Mavis Parodus BrysonAlexandra Tavares*
David Ragin Lee Lebreton*
Gloria ParodusFrancesca Root-Dodson*
DirectorRyan Guzzo Purcell
PlaywrightLorraine Hansberry
Scenic and Costume DesignerAn-Iin Dauber
Lighting DesignerGeoff Korf^
Sound DesignerM.L. Dogg ^
Production Stage ManagerLaurel Nichols*
Assistant Stage Manager / Covid-19 Safety ManagerNik Nolen
* Member of Actors’ Equity Association, the Union of Professional Actors and Stage Managers in USA
^Member of United Scenic Artists, Local USA 829, IATSE

The Amen Corner – Play – The Williams Project

Elevator Thoughts (aka Tweet): The Amen Corner play w/ music by The Williams Project & Langston Seattle at Langston Hughes Performing Arts Institute. Good critique on toxic hypocritical church piety & condemnation. Religious interjections & rich pure black voices were a delight. Love seeing a good unraveling on stage. The audience attended in their Sunday best! #POC #religion #mutiny #BiPOC

Synopsis from the Theatre: In a storefront church in Harlem, Sister Margaret’s fierce piety inspires both devotion and fear in her congregation. But when a figure from her past returns, and her son starts looking for answers outside the church door, Sister Margaret finds her standing in danger. As secrets emerge and loyalties are tested, Sister Margaret must fight for her family, her flock, and ultimately, her faith. Equal parts soaring music, prophetic poetry, and gripping family drama, The Amen Corner asks audiences to face the beautiful and frightening path that leads to liberation. And gives space to, as Baldwin says, “let the church say Amen.”

Reviewed Performance Date: 11/3/22 Evening

Type: Play

World Premiere: No

Live Band: No

Recommendation: See it! Especially if you grew up in a Christian church.

Would I See It Again 3 Years from Now?: Yes

Rating (Out of 5 Stars): 4.75 stars

Equity Actors: 6 out of 9. First professional production of this play in Seattle!


  • The bedroom and kitchen was confusing. Where they located in the same building as the church?
  • I’m not sure if the production budget could afford this or if it was an intentional creative decision but the folding chairs needed to be replaced with real church pews.
  • The churchgoers somehow needed better stage blocking. I don’t want to see the back of their heads! To be fair, I admit that it’s difficult to avoid this with a church stage.

Other Rave(s)

  • Sister Boxer (Felicia Loud) has a lovely voice. I could listen to her talk or sing all day.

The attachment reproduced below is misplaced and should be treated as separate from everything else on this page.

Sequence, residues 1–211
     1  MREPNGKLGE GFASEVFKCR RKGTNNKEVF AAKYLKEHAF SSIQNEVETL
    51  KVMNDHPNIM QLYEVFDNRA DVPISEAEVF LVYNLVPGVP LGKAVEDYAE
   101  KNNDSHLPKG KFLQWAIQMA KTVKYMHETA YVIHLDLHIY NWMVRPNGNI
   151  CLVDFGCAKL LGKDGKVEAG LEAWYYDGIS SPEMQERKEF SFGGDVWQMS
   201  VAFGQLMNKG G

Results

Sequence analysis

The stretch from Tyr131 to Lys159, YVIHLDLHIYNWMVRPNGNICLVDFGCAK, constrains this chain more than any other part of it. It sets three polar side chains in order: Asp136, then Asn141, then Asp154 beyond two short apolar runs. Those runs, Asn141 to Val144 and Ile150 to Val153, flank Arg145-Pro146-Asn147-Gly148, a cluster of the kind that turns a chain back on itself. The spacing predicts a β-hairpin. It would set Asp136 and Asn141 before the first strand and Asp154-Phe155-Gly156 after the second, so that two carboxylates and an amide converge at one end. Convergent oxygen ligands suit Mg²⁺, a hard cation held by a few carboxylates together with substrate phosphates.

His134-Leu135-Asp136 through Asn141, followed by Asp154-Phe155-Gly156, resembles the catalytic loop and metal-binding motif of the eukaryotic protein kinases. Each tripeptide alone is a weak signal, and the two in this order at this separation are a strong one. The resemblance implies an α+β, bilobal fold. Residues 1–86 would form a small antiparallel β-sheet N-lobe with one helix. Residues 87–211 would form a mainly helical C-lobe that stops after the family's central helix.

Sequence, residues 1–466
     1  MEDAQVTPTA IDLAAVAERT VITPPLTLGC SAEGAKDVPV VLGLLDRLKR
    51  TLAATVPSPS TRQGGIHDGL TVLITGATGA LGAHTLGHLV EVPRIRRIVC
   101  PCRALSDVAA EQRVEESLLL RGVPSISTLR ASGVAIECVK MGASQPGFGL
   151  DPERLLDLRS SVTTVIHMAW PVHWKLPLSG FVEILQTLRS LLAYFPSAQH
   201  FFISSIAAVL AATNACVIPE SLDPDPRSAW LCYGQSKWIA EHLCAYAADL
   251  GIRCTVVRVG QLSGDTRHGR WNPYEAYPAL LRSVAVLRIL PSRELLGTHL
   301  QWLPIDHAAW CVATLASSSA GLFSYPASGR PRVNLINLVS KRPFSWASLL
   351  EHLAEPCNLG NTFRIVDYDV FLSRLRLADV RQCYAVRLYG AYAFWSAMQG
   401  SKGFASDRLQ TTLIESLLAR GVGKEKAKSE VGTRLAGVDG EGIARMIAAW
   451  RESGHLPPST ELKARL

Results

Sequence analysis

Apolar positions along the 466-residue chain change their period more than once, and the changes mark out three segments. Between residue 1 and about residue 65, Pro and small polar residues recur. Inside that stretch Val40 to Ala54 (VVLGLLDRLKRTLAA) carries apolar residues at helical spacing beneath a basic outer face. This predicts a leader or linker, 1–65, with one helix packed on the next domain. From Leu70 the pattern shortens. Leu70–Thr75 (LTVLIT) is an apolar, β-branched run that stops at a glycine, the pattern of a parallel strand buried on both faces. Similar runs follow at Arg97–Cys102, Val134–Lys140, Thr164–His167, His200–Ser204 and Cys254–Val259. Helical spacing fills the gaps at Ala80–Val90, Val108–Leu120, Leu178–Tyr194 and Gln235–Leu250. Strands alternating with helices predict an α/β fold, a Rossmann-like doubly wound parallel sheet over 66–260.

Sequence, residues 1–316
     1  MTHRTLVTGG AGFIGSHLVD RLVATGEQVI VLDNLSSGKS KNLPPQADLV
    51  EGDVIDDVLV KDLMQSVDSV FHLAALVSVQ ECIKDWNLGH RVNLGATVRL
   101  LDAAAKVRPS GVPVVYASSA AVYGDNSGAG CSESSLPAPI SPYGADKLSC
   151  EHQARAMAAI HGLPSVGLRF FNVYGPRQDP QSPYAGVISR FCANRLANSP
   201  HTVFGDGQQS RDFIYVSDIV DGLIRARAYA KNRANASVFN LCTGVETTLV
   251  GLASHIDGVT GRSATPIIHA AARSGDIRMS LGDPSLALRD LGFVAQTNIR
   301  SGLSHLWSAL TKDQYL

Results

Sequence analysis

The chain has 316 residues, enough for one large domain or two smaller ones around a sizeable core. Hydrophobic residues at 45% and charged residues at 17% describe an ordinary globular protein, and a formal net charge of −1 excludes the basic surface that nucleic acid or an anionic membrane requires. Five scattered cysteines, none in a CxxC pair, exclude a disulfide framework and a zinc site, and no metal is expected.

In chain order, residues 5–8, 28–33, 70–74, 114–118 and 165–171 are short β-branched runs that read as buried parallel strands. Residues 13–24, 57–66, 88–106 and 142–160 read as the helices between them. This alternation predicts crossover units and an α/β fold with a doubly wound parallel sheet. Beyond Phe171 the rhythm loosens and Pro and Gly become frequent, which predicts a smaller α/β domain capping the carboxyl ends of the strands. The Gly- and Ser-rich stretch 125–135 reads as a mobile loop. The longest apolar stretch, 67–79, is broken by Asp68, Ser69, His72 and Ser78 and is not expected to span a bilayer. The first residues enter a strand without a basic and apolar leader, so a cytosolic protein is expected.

• Powerful stern fierce pastor portrayal by Maiya Reaves
  • Nice background gospel music before performance and during intermission.
  • Favorite line was something an old man said to the effect of “no woman has ever touched me.”

Other Thought(s)

  • Where were my BiPOC brothas and sistas? This is the first time I’ve attended Langston Seattle (albeit only 3 times total) where non-POCs were the majority in the audience. The subject matter was even about a black church! Leave a comment on my social media links below if you have any theories.

Theatre Company : The Williams Project

Venue: Langston Hughes Performing Arts Institute

Venue Physical Address: 104 17th Ave S, Seattle, WA 98144

Price: Cheap w/ Pay-what-you-can Options

Dates: November 2-20, 2022

Seating: General Admission

Parking and Cost: Free lot parking or free street parking.

Social Media Posts: Instagram | TikTok | Facebook | Twitter | YouTube


Cast and Production Team: Under the video.

Other Video +/- Pictures: Photography in video and under video are by Michael B. Maine.

@showsiveseen “The #Amen Corner” #play w/ music by The Williams Project at Langston Seattle. Good critique on toxic hypocritical #church piety & condemnation. #Religious interjections & rich pure #black voices were a delight. Love seeing a good unraveling on stage. The audience attended in their Sunday best! Review & Photo Credit: #poc #religion #mutiny #BiPOC #theatre ♬ original sound – Shows I've Seen
Brother BoxerHoliday
Sister BoxerFelicia Loud
Sister MooreAnjelica McMillan
MargaretMaiya Reaves
OdessaCathleen Riddley
LukeAdrian Roberts
Brother DavisMalcolm J. West
DavidDimitri Woods
Sister Ida JacksonAmaya Zhané
PlaywrightJames Baldwin
DirectorReggie D. White
Music DirectorAaron M. Davis Norman
Set and Costume DesignerAn-lin Dauber
Props DesignerRobert J. Aguilar
Lighting DesignerRobin Macartney
Stage ManagerP. Alyda Sorm
Production ManagerKyle Hartmann
Technical DirectorJustin Duffiance